I Love the Post Office

May 21st, 2015 by

An interesting column from the New York Times:

I Love the Post Office by Ethan Hauser, NY Times Sunday Review, May 17, 2015

http://www.nytimes.com/2015/05/17/opinion/sunday/i-love-the-post-office.html

NOT because it still delivers letters — the Alamo of warm and fuzzy Luddites like my mother and multinational credit card corporations.

And not because of stamps. Collectors, may you never give up on the dream of finding that inverted Jenny-plane 24-center at a flea market in Ohio.

And not because it is celebrating National Dog Bite Prevention Week by ranking cities by the number of attacks on postal employees in 2014 (No. 1: Los Angeles, with 74).

Nor is it the workaday architecture of post offices themselves, whether Brutalist concrete or prefab ranch style.

Nor even the small-town half post office, half general stores, with idiosyncratic hours, and bricks of hunter’s Cheddar.

No, this is a paean to the big-city post office, those grimy, chaotic, good-will-draining temples of American bureaucratic dysfunction, where hopes and packages are mangled, and lunch hours are not to be trifled with, and where you can still experience a city in all its magnificent, unfriendly, unruly mess.

Like the D.M.V. and jury duty, the post office is one of the last great equalizing institutions. There are no V.I.P. windows, no first-class lounges, no velvet ropes — save for the vinyl Tensabarrier aides that children claim as dance partners. All of us — including the actress from “Girls” I spotted one Christmastime, her boulder-scale Chanel shopping bag swinging close to the eye of a toddler — have to face the same beleaguered civil servants, who recite the same scripts about liquids and perishables. It doesn’t matter if you star in a hit television show about Brooklyn — you are still not entitled to mail a lithium battery or genetically modified crops.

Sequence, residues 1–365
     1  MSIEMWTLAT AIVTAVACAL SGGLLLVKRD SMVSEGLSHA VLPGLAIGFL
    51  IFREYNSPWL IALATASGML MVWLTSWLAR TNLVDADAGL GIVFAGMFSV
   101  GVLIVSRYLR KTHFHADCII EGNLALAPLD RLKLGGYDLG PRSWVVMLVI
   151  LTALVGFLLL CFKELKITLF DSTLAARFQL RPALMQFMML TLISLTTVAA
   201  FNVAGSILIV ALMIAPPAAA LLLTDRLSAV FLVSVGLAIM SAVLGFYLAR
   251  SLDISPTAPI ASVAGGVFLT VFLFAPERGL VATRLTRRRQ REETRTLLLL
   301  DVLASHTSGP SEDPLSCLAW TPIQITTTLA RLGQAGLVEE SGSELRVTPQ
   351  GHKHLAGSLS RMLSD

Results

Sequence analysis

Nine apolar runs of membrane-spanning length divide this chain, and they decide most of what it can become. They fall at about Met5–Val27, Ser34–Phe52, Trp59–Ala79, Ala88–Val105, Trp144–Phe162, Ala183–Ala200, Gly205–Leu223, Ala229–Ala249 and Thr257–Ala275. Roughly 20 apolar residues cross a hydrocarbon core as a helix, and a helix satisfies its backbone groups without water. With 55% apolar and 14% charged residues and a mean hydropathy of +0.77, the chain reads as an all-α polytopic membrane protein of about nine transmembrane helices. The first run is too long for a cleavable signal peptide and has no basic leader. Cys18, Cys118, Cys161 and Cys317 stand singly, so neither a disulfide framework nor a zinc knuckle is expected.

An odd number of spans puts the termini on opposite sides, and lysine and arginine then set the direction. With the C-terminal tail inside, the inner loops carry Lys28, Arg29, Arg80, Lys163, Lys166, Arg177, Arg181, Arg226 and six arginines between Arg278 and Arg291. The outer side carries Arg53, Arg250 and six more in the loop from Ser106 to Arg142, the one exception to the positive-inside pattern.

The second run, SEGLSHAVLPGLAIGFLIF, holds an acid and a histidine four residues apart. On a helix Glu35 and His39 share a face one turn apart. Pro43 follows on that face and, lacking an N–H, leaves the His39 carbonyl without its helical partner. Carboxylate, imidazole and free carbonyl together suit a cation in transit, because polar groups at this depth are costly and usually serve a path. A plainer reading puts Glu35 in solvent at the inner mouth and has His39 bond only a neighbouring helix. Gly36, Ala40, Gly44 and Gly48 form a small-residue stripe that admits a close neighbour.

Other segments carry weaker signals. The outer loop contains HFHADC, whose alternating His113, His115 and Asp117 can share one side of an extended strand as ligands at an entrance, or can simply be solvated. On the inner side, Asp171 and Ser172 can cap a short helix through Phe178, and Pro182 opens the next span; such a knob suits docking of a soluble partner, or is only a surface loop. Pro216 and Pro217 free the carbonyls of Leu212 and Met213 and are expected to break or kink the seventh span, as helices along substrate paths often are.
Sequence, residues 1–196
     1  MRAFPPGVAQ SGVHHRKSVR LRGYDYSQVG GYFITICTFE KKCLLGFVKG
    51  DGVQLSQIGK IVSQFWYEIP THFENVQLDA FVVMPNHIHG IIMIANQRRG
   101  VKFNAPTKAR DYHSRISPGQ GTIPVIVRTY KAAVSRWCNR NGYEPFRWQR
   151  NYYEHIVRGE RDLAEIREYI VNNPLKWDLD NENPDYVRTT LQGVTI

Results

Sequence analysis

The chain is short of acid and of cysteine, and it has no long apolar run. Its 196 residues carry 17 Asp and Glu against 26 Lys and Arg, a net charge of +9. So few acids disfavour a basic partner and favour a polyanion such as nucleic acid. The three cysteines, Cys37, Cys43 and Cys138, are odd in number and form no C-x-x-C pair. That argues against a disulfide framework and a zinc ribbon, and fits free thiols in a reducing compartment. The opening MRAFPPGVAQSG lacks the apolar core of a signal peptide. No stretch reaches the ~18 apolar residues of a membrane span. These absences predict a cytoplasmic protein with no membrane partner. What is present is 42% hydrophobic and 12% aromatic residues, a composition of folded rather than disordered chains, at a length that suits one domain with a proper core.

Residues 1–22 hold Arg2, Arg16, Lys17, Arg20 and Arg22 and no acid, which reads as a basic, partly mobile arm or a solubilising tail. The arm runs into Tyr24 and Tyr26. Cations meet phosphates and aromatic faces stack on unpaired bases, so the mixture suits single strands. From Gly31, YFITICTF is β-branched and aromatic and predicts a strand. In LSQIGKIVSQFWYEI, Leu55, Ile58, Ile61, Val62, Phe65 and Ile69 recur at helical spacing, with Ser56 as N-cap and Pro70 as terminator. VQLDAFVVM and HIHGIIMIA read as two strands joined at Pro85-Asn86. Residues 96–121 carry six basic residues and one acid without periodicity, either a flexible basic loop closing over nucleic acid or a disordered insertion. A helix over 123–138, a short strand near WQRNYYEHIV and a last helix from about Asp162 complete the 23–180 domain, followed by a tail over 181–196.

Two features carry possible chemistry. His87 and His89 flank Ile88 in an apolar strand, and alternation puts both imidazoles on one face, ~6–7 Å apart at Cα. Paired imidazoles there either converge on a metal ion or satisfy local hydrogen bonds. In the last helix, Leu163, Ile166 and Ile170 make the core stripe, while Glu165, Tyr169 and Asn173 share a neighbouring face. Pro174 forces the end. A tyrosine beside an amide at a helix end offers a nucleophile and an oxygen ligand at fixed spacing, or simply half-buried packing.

As with many of our objects of affection, the post office has shifting moods. Stress and crowds spike around what are thought to be the most anxiety-inducing parts of life: changes of address (moving), tax day (finances), Christmas (major holidays) and Mother’s Day (mothers).

Quieter stretches valley the peaks, but you are always just a passport-renewal seeker or a clerk’s coffee break away from the line threatening to move so slowly that it is actually inching backward. Then one fellow patron might roll his eyes, another might huff, still another might appeal to Jesus. Here, beneath the fluorescent bulbs speckled with what may or may not have once been tiny, vaguely prehistoric winged creatures, our differences dissolve.

Yet there are pleasures to be had, beyond the masochistic ones. At the same Brooklyn post office where I saw the boy nearly blinded by the bag, there is, amid the self-inking stamps used to label mail, one that reads “PRETENTIOUSLY HAZARDOUS.” So flawless was this, so in perfect pitch with the light-speed-changing neighborhood in which it sits, that I thought maybe I had dreamed it up. So I returned and there it was again, the accidental poetry of an author within the United States Postal Service, some 625,000 men and women strong and $5 billion on the bleeding side of its yearly operating budget.

No one can sanely argue that this is money well spent. It could probably buy everyone on earth a candy bar. But maybe that is not the point. Maybe the point is to pick up some stamps today, or send back the empty toner cartridge from your printer — because you’re a good person and you want to save the planet — and lucky you, you are about to see the stubborn, glorious disarray that still tatters our gleaming cities.